Last week, Alabama ranked atop “Global Trade” magazine’s 2018 list of the best states for manufacturing in the nation, and a big factor – that often goes unnoticed – towards this achievement is the important work done by the Economic Development Partnership of Alabama (EDPA).
The selection of Alabama in the ranking of top manufacturing states comes one month after “Business Facilities,” an economic development focused publication, named the Yellowhammer State as the best in a business-climate ranking.
Site selection opportunities are key to Alabama’s lofty rankings, and the non-profit organization EDPA plays a key role in these efforts through its AdvantageSite program.
The program, which was created in 2008 to position communities throughout the state for economic growth, has directly resulted in 35 projects which have created over 6,435 Alabama jobs and capital investment in the state of $1.4 billion.
AdvantageSite is jointly sponsored by the Alabama Department of Commerce, the Alabama Power Company, PowerSouth Energy Cooperative, Spire and the North Alabama Industrial Development Association.
What is the AdvantageSite program?
The program confirms that documentation critical to the site selection process is ready for prospective industry, allowing the industry to quickly identify and gather information about potential development sites around the state.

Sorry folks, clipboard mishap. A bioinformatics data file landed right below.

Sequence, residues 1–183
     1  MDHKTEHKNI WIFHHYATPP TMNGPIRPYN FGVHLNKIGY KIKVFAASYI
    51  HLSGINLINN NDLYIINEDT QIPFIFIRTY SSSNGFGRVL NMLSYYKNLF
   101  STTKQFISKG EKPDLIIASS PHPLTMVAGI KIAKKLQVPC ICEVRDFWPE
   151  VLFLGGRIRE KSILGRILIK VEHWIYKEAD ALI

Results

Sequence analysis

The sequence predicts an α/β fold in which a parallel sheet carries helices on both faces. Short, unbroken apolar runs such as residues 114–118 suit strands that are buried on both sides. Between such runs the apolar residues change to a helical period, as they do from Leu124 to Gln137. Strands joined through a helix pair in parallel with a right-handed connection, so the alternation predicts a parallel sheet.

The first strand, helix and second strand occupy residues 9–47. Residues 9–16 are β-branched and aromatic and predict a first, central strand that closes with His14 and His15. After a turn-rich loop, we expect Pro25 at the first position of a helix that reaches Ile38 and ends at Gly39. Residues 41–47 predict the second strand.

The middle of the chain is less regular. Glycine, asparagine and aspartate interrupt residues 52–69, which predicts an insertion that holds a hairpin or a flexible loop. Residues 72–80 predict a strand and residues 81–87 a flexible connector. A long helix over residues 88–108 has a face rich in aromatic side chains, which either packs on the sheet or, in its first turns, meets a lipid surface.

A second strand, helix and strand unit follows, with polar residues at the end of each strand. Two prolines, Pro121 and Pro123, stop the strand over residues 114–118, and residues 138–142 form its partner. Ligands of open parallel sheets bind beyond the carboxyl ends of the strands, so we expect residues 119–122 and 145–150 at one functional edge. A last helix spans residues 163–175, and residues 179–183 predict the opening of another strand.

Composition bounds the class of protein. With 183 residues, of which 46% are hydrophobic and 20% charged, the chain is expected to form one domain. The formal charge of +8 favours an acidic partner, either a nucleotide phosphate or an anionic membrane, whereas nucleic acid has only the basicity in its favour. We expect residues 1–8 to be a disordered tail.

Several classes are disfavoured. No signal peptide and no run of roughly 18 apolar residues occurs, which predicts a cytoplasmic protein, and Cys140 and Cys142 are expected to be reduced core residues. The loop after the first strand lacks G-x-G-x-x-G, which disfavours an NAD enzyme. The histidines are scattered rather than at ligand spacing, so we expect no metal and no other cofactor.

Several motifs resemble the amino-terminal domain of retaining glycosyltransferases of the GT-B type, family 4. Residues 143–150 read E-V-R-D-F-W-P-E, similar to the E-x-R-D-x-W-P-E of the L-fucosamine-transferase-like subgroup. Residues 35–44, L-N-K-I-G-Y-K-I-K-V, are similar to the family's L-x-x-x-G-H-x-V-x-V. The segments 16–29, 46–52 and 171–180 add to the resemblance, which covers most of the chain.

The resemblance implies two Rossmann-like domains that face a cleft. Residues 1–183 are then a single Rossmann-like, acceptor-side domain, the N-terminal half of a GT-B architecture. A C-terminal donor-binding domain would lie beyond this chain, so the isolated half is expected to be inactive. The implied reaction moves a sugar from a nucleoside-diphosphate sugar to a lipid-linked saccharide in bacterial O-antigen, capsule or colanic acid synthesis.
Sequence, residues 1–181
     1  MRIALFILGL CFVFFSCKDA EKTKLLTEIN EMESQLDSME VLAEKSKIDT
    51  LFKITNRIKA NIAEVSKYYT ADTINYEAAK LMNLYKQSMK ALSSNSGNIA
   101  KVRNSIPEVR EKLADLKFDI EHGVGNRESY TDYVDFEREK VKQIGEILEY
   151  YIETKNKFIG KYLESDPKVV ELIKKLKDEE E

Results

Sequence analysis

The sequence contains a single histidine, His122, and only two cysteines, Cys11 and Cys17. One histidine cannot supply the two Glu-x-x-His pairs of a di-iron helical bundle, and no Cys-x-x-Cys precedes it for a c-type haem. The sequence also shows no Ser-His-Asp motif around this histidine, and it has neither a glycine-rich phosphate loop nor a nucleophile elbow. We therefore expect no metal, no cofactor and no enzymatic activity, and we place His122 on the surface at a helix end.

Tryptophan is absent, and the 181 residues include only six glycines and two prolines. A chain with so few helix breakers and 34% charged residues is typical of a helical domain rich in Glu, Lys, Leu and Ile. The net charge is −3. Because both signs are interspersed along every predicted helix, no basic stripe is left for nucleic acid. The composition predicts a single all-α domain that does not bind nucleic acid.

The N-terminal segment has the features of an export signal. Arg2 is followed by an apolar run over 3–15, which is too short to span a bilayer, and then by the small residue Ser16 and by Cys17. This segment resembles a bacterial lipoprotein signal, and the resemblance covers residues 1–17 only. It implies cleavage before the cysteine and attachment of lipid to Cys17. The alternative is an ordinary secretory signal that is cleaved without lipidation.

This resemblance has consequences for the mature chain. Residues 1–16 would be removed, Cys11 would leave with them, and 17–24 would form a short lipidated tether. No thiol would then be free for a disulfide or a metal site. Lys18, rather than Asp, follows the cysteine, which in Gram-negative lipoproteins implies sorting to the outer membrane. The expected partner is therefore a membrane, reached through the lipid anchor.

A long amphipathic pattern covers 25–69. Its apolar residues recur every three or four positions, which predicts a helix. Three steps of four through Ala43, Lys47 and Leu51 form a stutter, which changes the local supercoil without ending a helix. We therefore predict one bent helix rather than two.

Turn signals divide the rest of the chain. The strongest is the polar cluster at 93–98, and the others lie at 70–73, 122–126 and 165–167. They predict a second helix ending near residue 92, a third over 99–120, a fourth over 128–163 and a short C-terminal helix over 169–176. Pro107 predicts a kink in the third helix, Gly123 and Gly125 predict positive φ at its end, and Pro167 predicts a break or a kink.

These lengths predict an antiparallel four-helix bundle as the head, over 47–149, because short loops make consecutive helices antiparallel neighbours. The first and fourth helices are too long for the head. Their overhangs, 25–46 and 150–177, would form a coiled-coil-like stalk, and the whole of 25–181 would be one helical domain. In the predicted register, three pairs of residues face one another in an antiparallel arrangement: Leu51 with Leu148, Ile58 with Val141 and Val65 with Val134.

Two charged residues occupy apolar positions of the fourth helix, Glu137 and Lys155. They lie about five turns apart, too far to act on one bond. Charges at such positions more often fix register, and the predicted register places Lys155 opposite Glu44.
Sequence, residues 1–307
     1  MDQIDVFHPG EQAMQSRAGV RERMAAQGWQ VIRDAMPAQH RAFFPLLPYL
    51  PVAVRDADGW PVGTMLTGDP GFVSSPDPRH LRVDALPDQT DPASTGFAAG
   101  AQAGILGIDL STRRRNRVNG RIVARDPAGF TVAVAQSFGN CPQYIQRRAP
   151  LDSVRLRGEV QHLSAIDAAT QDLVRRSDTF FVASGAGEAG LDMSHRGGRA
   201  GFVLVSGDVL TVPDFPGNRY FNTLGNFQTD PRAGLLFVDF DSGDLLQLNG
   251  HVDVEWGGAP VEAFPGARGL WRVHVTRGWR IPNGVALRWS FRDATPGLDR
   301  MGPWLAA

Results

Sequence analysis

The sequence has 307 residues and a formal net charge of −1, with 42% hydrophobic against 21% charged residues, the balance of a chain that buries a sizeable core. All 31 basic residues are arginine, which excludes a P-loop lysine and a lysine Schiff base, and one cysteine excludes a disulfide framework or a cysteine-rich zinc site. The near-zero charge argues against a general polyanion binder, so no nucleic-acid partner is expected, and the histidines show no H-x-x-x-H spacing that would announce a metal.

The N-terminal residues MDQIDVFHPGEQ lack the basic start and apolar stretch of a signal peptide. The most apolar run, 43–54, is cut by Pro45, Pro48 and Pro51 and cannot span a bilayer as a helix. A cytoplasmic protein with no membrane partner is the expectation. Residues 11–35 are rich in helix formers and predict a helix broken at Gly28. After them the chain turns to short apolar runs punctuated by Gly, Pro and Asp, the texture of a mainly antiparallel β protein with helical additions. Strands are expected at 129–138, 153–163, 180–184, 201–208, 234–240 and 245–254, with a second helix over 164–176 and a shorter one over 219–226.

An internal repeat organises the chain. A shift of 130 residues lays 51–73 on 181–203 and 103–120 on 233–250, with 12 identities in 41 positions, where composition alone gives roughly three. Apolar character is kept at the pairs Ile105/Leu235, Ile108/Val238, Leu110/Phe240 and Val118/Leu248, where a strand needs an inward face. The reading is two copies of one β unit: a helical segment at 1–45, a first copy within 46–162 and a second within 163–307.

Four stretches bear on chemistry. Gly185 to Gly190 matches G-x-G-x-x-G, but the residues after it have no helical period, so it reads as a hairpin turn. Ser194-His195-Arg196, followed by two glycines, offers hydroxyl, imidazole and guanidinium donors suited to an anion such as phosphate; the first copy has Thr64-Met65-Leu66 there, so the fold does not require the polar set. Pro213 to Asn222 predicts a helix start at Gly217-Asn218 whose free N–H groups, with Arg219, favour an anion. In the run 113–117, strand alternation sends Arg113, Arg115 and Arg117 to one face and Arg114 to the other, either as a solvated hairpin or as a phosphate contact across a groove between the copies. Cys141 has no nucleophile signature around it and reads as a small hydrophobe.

AdvantageSite is a voluntary program that allows communities to demonstrate that due diligence has been done on their respective designated site. However, this does not imply that other properties in the state do not meet the same criteria – designated sites have simply undergone a vetting process to be pre-certified, showing that important information is readily available.
Alabama recognizes that site location decisions require detailed information and shorter deadlines. The state’s economic development team knows that companies seeking to locate a new facility are allowing less time for site selection, site development and project construction. To meet the needs of industry, Alabama’s economic development community is working to designate an inventory of industrial sites with sufficient site documentation for accurate, timely project evaluation.
AdvantageSite designated locations are featured on EDPA’s buildings and sites database – the comprehensive statewide database of industrial buildings and sites used by site selection consultants, state economic developers, and companies looking to expand in Alabama. A quick glance at this database provides information about utility, rail and highway access, as well as geographic and technical information.
Why is this important for Alabamians?
Industrial sites with AdvantageSite designation have undergone a rigorous process to demonstrate that documentation critical to the site selection process is ready for prospective industries.
“Pre-certifying development sites tend to attract major projects,” emphasized “Global Trade,” as it highlighted the AdvantageSite program.